To be clear, this post is not about attacking developers (before anyone starts throwing virtual tomatoes on the Twitter, I like tomatoes). If you can code you have superpowers that 99%+ of people don't have, including myself with just a basic introduction to HTML/CSS/PHP.

So why do I think that knowing how to code is a trap? Let me explain...  

When you have a startup or new business idea that you want to pursue, it's super important to quickly figure out if it has any potential. Because the last thing you want to do is spend time, money and efforts on building something that nobody wants.

The number 1 reason startups fail (42%!) = "No market need" (CB).

When figuring out if your idea has any potential (or, trying to validate it, in Lean Startup terms), your focus should be on proving the Desirability of your idea: getting more confident that the answer to "Do people want this?", is yes.

Answering questions around Feasibility (can I build this?) and Viability (can this work successfully as a business?) is only relevant if there are actually people who want a solution to the problem you're investigating.

Shout out to IDEO for this classic Venn Diagram

So in the early stages of an idea it's not about: "can my idea be built?" (the answer to this question is almost always yes). It's about:

"Should my idea be built?"

Here, you have a 42% chance that the answer is no.

This is why I think knowing how to code is a trap for a lot of entrepreneurs in the early stages of an idea.

Because there is nothing more fun (and it's never been easier!) than creating something from nothing, so that is mostly the default action for people who can code.

But more too often I see posts on Twitter and online forums of people who "built a thing", and are now asking how they can get users and customers.

When they started building their thing, they didn't really have a clear answer to: "should I be building this thing?".


And now they are in "too deep" because they spent a lot of time doing something they really like (creating something with code), and it sucks to be confronted with the fact that they possibly "wasted" time on something that no one is waiting for.

(Yes I understand that tinkering with ideas and building stuff for fun is the best way to learn more and improve your skills. I'm talking about ideas that people actually want to pursue)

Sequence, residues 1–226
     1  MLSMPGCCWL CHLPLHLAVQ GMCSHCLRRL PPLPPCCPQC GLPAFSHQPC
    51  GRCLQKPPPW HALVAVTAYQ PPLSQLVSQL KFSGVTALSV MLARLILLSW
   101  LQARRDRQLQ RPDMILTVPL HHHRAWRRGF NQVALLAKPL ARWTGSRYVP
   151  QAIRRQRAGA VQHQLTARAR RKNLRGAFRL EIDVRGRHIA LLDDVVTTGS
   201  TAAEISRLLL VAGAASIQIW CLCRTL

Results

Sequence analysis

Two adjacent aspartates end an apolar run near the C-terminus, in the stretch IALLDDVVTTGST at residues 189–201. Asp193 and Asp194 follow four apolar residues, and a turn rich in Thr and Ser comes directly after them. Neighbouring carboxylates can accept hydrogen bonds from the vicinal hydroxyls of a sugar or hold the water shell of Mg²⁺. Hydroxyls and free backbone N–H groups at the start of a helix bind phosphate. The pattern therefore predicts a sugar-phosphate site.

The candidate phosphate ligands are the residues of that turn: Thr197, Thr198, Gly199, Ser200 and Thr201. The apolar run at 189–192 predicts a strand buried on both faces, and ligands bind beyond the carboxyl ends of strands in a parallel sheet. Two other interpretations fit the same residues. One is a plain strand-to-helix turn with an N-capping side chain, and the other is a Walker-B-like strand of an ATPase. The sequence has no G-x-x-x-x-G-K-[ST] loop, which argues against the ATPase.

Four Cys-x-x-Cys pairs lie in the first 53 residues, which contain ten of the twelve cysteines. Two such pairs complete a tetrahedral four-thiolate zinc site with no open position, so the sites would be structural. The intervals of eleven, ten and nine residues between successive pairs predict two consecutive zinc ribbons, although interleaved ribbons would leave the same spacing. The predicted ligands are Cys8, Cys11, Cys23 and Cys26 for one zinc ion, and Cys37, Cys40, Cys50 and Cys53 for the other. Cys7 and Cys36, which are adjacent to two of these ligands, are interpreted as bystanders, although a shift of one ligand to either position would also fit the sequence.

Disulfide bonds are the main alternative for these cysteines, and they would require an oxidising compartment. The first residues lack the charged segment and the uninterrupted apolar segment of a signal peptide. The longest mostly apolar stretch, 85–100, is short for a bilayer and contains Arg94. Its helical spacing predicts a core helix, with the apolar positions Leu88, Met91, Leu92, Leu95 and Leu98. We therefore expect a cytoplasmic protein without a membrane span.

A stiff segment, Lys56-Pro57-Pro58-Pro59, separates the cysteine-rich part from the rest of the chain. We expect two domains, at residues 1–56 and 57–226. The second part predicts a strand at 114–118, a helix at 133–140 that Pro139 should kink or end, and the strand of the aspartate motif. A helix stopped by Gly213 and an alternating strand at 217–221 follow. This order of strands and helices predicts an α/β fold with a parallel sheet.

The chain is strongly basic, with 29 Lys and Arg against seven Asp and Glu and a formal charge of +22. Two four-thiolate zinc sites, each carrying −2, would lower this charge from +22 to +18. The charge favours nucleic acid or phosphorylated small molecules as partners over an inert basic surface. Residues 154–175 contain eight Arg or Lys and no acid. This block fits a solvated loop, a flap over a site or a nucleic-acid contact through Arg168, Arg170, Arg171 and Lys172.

Why is this so difficult (for anyone, not just developers)?

Most ideas are about solutions, not problems.

When you continue to work with a solution in mind, you (unconsciously) make a pretty big choice. You pretty much assume:

  • You know what the problem is you're solving
  • You know who you're solving this for (target customer)
  • You know where to find these people (acquisition channels)
  • You know how to talk to them (value proposition)
  • You know that your solution is the right solution (remember that sticky notes on the sides of computer screens are an alternative to your fancy productivity app)

Without setting expectations and boundaries around:

  • What you are investigating and want to become more certain about
  • How you're going to do that
  • What you're going to create to facilitate that (with or without code)
  • How much time you want to spend on it
  • When your efforts are successful

You open yourself up to being disappointed, while you still have done a lot of work.

Even a genius developer like Pieter knew that he had to start small and chose a Google Sheet as the MVP for his Nomad List idea (yes this was an MVP, any discussions around MVP's ❯ hit me up on Twitter, will also write about that more on this blog).

By keeping his activities small - not building anything really - and focussed, he learnt everything he needed to know before he started to build his actual product:

  • Who is this really for?
  • What is the value (cities, data, insights etc.) these people are looking for?
  • What should the first version of my product look like?
  • How can I reach the people who already helped me?
  • How can I pitch them this first product?
  • Should I pursue this idea? (he did, NomadList is huge now)

I believe that, for most startup ideas (in my opinion 80%+), answering the question whether there's a need in the market, or at least becoming a bit more certain about a need in the market, does not involve building something with code.

You can of course never be a 100% sure if you're pursuing and creating something that people want. On the other hand you can definitely be 100% sure if you're pursuing something that nobody wants.

Your goal in the early stages of your idea should be to figure this out ASAP, and resist building anything that will become too big to fail in your own mind.

I hope you enjoyed this post, let me know what you think on Twitter ✌️